Little has been written about the Schuyler Flatts burying ground. The main source of information is Lisa Anderson, "Schuyler Flatts Burial Ground Report," unpublished report (Albany: New York State Museum). For information about slavery in New York State, I consulted Edgar J. McManus, A History of Negro Slavery in New York. Syracuse: Syracuse University Press, 1970 and L. Lloyd Stewart, A Far Cry from Freedom: Gradual Abolition (1799-1827) (Bloomington, In.: AuthorHouse, 2006), Joyce Hansen and Gary McGowan, Breaking Ground, Breaking Silence: The Story of New York’s African Burial Ground (New York: Henry Holt, 1998) was helpful in providing me a context for another African burying ground. For primary source material, I used Anne MacVicar Grant, Memoirs of an American Lady: With Sketches of Manners and Scenes in America as They Existed Previous to the Revolution (New York: Dodd, Mead, 1901).
Mexican Soldier from San Jacinto
The only historical and scientific accounts regarding the four Mexican soldiers whose skulls were recovered at the San Jacinto Battleground are Jeffrey D. Dunn, "The Mexican Soldier Skulls of San Jacinto Battleground," and Douglas Owsley, Richard Jantz, and Karin Bruwelheide, "Cranial Injuries in Six Mexican Soldiers Killed at San Jacinto," both papers presented at the Tenth Annual Battle of San Jacinto Symposium (Houston, April 1, 2010). Both can be retrieved online at the Friends of the San Jacinto Battleground website (www.friendsofsanjacinto.com/articles/mexican-soldier-skulls-san-jacinto-battleground). Ann Fabian, The Skull Collectors: Race, Science, and America’s Unburied Dead (Chicago: University of Chicago Press, 2010) offers a thorough look at Samuel George Morton’s cranial collection. For background information on the Texas War for Independence, I relied on H. W. Brands, Lone Star Nation: The Epic Story of the Battle for Texas Independence (New York: Anchor Books, 2004) and Stephen L. Hardin, Texian Illiad: A Military History of the Texas Revolution (Austin: University of Texas Press, 1994).
People of the Albany Almshouse
The two most comprehensive published sources about the excavations at the almshouse cemetery are both by Martin C. Solano: "Gone but Not Forgotten: Life and Death in the Albany County Almshouse" (The Dutch Settlers Society of Albany Yearbook 54 [2001-2005]: pp. 43-58) and The Life Stresses of Poverty: Skeletal and Historical Indicators of Activity Patterns in the Albany County Almshouse Skeletal Collection, 1825-1925, Ph.D. dissertation, State University of New York-Albany, 2006. For historical background on the Albany almshouse, I read Reginald Byron, Irish America (New York: Oxford University Press, 1999) and Judith A. Dulberger, Mother Donit fore the Best: Correspondence of a Nineteenth-Century Orphan Asylum (Syracuse, N.Y.: Syracuse University Press, 1996). For a better understanding of the use of almshouses in the United States I found Michael B. Katz, In the Shadow of the Poorhouse: A Social History of Welfare in America (New York: Basic Books, 1996) helpful.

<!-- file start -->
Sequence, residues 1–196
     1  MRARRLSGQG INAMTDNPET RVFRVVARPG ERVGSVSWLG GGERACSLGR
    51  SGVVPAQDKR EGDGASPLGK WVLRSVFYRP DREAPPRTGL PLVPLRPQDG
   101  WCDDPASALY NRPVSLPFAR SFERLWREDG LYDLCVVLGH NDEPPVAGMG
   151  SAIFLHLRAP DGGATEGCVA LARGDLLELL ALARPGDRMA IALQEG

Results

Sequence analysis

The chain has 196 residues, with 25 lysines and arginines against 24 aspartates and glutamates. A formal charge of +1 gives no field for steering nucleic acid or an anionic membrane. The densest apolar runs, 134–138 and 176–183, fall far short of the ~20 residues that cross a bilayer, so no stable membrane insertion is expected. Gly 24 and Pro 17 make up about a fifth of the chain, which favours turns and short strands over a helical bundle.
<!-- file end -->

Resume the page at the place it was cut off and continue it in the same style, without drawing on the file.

Thomas Smith, Buffalo Soldier
For information about the looting of Fort Craig’s cemetery, I read Samir S. Patel, “The Case of the Missing Buffalo Soldier” (Archaeology, March/April 2009: pp. 40-44) among other sources. To learn more about Fort Craig, I relied on Marion Cox Grinstead, "Back at the Fort," in Fort Craig: The United States Fort on the Camino Real, eds. Charles Carroll and Lynne Sebastian (Socorro, N.M.: U.S. Department of the Interior, Bureau of Land Management, 2000), pp. 27-63). Monroe Lee Billington, New Mexico’s Buffalo Soldiers 1866-1900 (Niwot: University Press of Colorado, 1991); Elizabeth D. Leonard, Men of Color to Arms! Black Soldiers, Indian Wars, and the Quest for Equality (New York: W. W. Norton, 2010); and Frank N. Schubert, Voices of the Buffalo Soldier: Records, Reports, and Recollections of Military Life and Service in the West (Albuquerque: University of New Mexico Press, 2003) were invaluable sources of information about the buffalo soldiers.
Six Chinese Miners
Information about the six Chinese burials is published in two main sources: Rennie Phillips, “A More Complete Picture of Chinese Life on the Wyoming Frontier,” plan B paper University of Wyoming, 1999); and Rennie Phillips Polidora, “Six Historic Chinese Burials from Southwestern Wyoming,” in Skeletal Biology and Bioarchaeology of the Northwestern Plains, eds. George W. Gill and Rick L. Weathermon (Salt Lake City: University of Utah Press, 2008: pp. 94-103). One of the best general books about Chinese immigrants in the western United States is Chinese on the American Frontier, ed. Arif Dirlik, (Lanham, Md.: Rowman and Littlefield, 2001). Liping Zhu, A Chinaman’s Chance: The Chinese on the Rocky Mountain Mining Frontier (Boulder: University Press of Colorado, 1997) supplied me with an understanding of the struggles and successes of Chinese immigrants on the western frontier. To learn more about the Rock Springs massacre, I read Craig Storti, Incident at Bitter Creek: The Story of the Rock Springs Chinese Massacre (Ames: Iowa State University Press, 1991).